A French court has acquitted former IMF chief Dominique Strauss-Kahn of procuring prostitutes for sex parties in France, Belgium and the US.
Strauss-Kahn stood alongside 13 co-defendants, most of whom were also acquitted of “aggravated pimping”. He has always denied knowing that some of the women who took part in orgies he attended were prostitutes.
Lurid details of the former French presidential hopeful’s sex life emerged at hearings in Lille in February.
Although using prostitutes is not illegal in France, assisting in supplying them is illegal and regarded as procuring. Strauss-Kahn had been accused of playing a pivotal role in facilitating the orgies.
The verdict brings to a close four years of legal proceedings against Strauss-Kahn, including charges of attempted rape which were later dropped in 2012.
Strauss-Kahn gave little reaction while the verdict was being read out, but he was overheard saying to his daughter afterwards: “All that for this? What a waste”.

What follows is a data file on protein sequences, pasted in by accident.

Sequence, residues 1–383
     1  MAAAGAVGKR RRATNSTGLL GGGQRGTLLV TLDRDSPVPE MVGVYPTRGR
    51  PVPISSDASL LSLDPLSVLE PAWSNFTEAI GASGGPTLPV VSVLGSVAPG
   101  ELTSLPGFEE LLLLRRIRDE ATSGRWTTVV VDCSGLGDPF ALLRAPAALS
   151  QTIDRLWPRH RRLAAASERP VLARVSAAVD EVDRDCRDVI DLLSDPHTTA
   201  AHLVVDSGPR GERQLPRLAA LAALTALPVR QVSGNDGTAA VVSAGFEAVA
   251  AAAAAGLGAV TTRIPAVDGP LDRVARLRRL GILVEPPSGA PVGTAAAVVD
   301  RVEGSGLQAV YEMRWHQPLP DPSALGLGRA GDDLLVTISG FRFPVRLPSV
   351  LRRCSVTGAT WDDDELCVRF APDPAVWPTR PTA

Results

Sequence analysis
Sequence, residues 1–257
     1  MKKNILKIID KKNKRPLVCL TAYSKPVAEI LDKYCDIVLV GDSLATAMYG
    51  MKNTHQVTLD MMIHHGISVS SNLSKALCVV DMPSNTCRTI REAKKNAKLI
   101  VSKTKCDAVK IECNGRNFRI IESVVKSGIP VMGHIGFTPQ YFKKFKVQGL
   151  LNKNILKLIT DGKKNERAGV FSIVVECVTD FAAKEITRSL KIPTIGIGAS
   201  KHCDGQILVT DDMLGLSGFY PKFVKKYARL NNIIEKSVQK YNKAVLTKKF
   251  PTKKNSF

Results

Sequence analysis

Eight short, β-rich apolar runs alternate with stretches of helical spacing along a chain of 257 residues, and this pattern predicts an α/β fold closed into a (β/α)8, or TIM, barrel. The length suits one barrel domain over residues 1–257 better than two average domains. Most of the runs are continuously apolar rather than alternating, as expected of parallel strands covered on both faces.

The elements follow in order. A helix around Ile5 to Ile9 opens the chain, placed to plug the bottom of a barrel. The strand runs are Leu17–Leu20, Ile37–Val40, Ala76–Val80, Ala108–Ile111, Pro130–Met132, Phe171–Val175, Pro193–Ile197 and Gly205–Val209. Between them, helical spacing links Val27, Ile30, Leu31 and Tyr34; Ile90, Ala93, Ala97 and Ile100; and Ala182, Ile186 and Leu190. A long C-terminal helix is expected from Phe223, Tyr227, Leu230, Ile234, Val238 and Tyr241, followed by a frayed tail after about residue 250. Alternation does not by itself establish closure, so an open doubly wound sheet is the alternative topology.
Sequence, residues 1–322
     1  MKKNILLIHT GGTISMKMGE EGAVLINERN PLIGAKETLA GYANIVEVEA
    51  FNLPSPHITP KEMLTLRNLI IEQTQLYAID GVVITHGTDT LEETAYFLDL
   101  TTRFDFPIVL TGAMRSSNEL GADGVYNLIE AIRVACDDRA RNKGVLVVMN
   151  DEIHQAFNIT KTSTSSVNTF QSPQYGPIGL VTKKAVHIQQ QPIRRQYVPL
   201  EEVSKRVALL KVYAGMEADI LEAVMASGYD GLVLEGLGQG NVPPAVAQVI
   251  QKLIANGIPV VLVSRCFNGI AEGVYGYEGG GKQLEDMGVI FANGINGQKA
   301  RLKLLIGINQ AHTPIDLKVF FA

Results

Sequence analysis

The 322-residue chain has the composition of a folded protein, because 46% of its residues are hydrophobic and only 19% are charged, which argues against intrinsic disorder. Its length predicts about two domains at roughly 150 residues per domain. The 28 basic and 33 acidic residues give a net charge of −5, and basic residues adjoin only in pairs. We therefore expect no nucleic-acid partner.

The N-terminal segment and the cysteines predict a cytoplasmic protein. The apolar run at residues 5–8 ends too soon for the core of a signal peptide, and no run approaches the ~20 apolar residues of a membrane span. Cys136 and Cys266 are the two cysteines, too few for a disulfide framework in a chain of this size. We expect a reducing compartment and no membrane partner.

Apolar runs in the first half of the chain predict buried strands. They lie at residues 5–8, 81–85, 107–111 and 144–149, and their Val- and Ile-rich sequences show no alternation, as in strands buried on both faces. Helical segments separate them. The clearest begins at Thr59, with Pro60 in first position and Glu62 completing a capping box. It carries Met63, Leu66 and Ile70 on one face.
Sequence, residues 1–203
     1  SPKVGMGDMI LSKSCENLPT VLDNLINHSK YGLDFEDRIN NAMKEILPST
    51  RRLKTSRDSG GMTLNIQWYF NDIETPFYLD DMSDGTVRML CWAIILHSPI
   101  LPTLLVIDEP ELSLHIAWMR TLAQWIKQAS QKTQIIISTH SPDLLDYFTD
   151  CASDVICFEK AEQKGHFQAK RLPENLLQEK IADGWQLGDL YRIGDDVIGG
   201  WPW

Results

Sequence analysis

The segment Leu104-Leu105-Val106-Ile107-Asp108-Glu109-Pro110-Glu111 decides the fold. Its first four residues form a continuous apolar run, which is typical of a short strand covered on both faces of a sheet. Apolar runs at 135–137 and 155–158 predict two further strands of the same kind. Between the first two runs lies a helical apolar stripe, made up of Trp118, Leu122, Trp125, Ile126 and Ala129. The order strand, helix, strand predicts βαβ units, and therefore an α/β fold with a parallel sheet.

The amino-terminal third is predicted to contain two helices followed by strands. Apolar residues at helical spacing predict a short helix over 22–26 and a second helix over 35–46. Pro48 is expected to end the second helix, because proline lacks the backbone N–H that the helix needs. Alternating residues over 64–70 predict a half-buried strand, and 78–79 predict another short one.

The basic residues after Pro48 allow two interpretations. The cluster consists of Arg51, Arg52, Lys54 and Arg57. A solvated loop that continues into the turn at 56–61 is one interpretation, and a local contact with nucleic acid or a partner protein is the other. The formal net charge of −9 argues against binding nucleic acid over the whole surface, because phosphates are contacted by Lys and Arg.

His lawyer, Henri Leclerc, told journalists: “Everyone can see there was no legal basis in the case and all the noise that has surrounded this story has given us all something to think about.”
The chief judge said Strauss-Kahn behaved as a client and had not paid the sex workers he met. He only benefitted from others paying them to be present for group parties, the judge added.
Among the others acquitted was Belgian brothel owner Dominique Alderweireld, also known as Dodo la Saumure, who was accused of supplying prostitutes for the parties.